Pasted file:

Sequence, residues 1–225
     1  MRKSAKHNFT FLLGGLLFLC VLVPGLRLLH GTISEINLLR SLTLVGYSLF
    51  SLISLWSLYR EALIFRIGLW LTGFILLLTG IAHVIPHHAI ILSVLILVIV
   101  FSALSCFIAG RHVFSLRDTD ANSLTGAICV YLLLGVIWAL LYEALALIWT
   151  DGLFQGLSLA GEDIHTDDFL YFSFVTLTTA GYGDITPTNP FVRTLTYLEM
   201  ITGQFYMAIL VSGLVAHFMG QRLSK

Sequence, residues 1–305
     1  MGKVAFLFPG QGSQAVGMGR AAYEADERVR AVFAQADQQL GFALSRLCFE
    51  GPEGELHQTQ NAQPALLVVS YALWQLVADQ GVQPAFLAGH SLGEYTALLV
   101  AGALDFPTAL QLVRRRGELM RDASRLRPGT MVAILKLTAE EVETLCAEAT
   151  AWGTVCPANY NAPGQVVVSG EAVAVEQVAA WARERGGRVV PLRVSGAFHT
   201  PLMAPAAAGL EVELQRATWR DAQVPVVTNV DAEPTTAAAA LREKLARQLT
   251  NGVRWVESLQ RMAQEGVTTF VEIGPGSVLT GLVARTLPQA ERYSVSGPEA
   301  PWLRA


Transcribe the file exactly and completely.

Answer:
Sequence, residues 1–225
     1  MRKSAKHNFT FLLGGLLFLC VLVPGLRLLH GTISEINLLR SLTLVGYSLF
    51  SLISLWSLYR EALIFRIGLW LTGFILLLTG IAHVIPHHAI ILSVLILVIV
   101  FSALSCFIAG RHVFSLRDTD ANSLTGAICV YLLLGVIWAL LYEALALIWT
   151  DGLFQGLSLA GEDIHTDDFL YFSFVTLTTA GYGDITPTNP FVRTLTYLEM
   201  ITGQFYMAIL VSGLVAHFMG QRLSK

Sequence, residues 1–305
     1  MGKVAFLFPG QGSQAVGMGR AAYEADERVR AVFAQADQQL GFALSRLCFE
    51  GPEGELHQTQ NAQPALLVVS YALWQLVADQ GVQPAFLAGH SLGEYTALLV
   101  AGALDFPTAL QLVRRRGELM RDASRLRPGT MVAILKLTAE EVETLCAEAT
   151  AWGTVCPANY NAPGQVVVSG EAVAVEQVAA WARERGGRVV PLRVSGAFHT
   201  PLMAPAAAGL EVELQRATWR DAQVPVVTNV DAEPTTAAAA LREKLARQLT
   251  NGVRWVESLQ RMAQEGVTTF VEIGPGSVLT GLVARTLPQA ERYSVSGPEA
   301  PWLRA